The Santa Barbara presidio (the Spanish fort) was built in 1782, four years before the mission. The mission was delayed because Governor Neve asked the Viceroy to withhold construction funds until the governor’s proposals for a reform of the mission system could be approved. He intended to implement these changes (which involved leaving the Indians in their villages and creating a smaller mission complex) beginning in Santa Barbara. By the time this was all resolved Neve was replaced by Pedro Fages and Fr. Serra had died.
The actual location of the mission was finally decided by Fr. Fermin Lasuen, Junipero Serra’s successor as Father President of the Mission chain. My understanding is that both Governor Neve and Fr. Serra thought that the mission should be on high ground at or near a site called Tanayan by the Indians and El Pedregoso by the Spaniards – the name in both languages means rocky mound, and the mission was built in this area. This location was an appropriate distance from the presidio (one and a half miles) and yes it did have a magnificent view of the valley, the presidio and the sea.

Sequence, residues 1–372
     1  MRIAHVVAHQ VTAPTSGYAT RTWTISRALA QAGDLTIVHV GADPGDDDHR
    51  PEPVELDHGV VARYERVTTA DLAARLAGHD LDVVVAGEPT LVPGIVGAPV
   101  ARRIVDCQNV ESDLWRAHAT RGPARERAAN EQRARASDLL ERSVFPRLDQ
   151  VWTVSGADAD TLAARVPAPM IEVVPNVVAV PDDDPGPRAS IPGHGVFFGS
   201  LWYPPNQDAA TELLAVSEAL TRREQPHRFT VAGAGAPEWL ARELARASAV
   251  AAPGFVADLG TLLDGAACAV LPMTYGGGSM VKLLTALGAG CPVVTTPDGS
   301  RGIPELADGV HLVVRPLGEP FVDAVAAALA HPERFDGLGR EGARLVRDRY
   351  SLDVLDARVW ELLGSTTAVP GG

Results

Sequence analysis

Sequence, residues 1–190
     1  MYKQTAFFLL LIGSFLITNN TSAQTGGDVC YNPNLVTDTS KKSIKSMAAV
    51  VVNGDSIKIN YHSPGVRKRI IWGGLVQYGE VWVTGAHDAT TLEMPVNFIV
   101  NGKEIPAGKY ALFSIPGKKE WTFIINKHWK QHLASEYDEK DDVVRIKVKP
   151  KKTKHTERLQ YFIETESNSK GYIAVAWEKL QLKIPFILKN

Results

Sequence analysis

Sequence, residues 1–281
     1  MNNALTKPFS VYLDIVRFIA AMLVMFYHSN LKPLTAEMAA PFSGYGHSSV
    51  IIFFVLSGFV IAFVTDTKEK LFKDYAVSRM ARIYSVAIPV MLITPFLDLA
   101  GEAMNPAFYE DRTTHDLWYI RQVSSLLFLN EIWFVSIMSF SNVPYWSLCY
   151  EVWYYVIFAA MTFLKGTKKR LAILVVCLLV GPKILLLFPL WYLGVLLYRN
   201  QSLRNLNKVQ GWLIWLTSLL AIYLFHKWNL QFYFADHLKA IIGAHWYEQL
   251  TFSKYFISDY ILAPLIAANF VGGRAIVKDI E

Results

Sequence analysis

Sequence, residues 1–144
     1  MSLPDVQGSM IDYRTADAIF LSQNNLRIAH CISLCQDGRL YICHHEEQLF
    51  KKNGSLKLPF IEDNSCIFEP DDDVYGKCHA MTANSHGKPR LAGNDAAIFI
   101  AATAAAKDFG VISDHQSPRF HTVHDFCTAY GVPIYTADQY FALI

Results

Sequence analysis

However, the exact location chosen for the mission was dictated largely because of its proximity to water resources, which the Spanish had learned was critical for the success of a mission. It seems quite logical to assume that the visibility of the mission from the sea might have been discussed but remember that the initial buildings were simple log structures.
The present imposing (and quite visible) church is actually the fourth church on the site, built between 1815-1820, almost forty years later.